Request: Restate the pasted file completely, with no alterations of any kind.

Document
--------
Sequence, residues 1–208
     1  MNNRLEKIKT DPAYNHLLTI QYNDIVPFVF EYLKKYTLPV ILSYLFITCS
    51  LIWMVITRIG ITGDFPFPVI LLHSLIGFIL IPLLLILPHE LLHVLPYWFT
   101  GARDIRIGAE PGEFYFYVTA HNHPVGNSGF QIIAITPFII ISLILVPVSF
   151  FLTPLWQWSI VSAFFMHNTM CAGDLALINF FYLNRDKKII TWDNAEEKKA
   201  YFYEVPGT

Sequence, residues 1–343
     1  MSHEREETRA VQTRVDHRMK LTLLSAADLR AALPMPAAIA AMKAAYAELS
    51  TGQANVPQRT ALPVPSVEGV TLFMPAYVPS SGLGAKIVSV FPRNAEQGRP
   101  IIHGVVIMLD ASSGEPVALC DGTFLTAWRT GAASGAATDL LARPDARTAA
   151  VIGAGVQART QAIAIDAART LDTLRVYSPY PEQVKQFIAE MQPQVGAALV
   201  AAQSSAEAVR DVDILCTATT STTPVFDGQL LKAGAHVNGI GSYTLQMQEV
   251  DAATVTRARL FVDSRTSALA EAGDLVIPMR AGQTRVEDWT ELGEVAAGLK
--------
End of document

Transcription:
Sequence, residues 1–208
     1  MNNRLEKIKT DPAYNHLLTI QYNDIVPFVF EYLKKYTLPV ILSYLFITCS
    51  LIWMVITRIG ITGDFPFPVI LLHSLIGFIL IPLLLILPHE LLHVLPYWFT
   101  GARDIRIGAE PGEFYFYVTA HNHPVGNSGF QIIAITPFII ISLILVPVSF
   151  FLTPLWQWSI VSAFFMHNTM CAGDLALINF FYLNRDKKII TWDNAEEKKA
   201  YFYEVPGT

Sequence, residues 1–343
     1  MSHEREETRA VQTRVDHRMK LTLLSAADLR AALPMPAAIA AMKAAYAELS
    51  TGQANVPQRT ALPVPSVEGV TLFMPAYVPS SGLGAKIVSV FPRNAEQGRP
   101  IIHGVVIMLD ASSGEPVALC DGTFLTAWRT GAASGAATDL LARPDARTAA
   151  VIGAGVQART QAIAIDAART LDTLRVYSPY PEQVKQFIAE MQPQVGAALV
   201  AAQSSAEAVR DVDILCTATT STTPVFDGQL LKAGAHVNGI GSYTLQMQEV
   251  DAATVTRARL FVDSRTSALA EAGDLVIPMR AGQTRVEDWT ELGEVAAGLK